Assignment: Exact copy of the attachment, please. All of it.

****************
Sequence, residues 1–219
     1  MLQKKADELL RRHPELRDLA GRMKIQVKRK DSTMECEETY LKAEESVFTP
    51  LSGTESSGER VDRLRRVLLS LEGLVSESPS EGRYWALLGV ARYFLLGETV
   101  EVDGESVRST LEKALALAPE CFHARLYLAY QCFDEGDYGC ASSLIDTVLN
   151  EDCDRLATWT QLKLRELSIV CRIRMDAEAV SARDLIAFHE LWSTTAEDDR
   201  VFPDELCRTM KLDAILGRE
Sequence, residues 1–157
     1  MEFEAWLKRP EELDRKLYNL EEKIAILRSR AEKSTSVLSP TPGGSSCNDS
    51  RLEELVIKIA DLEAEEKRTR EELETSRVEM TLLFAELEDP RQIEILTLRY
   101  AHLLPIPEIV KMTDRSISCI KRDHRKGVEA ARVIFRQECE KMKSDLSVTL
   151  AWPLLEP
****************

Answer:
Sequence, residues 1–219
     1  MLQKKADELL RRHPELRDLA GRMKIQVKRK DSTMECEETY LKAEESVFTP
    51  LSGTESSGER VDRLRRVLLS LEGLVSESPS EGRYWALLGV ARYFLLGETV
   101  EVDGESVRST LEKALALAPE CFHARLYLAY QCFDEGDYGC ASSLIDTVLN
   151  EDCDRLATWT QLKLRELSIV CRIRMDAEAV SARDLIAFHE LWSTTAEDDR
   201  VFPDELCRTM KLDAILGRE
Sequence, residues 1–157
     1  MEFEAWLKRP EELDRKLYNL EEKIAILRSR AEKSTSVLSP TPGGSSCNDS
    51  RLEELVIKIA DLEAEEKRTR EELETSRVEM TLLFAELEDP RQIEILTLRY
   101  AHLLPIPEIV KMTDRSISCI KRDHRKGVEA ARVIFRQECE KMKSDLSVTL
   151  AWPLLEP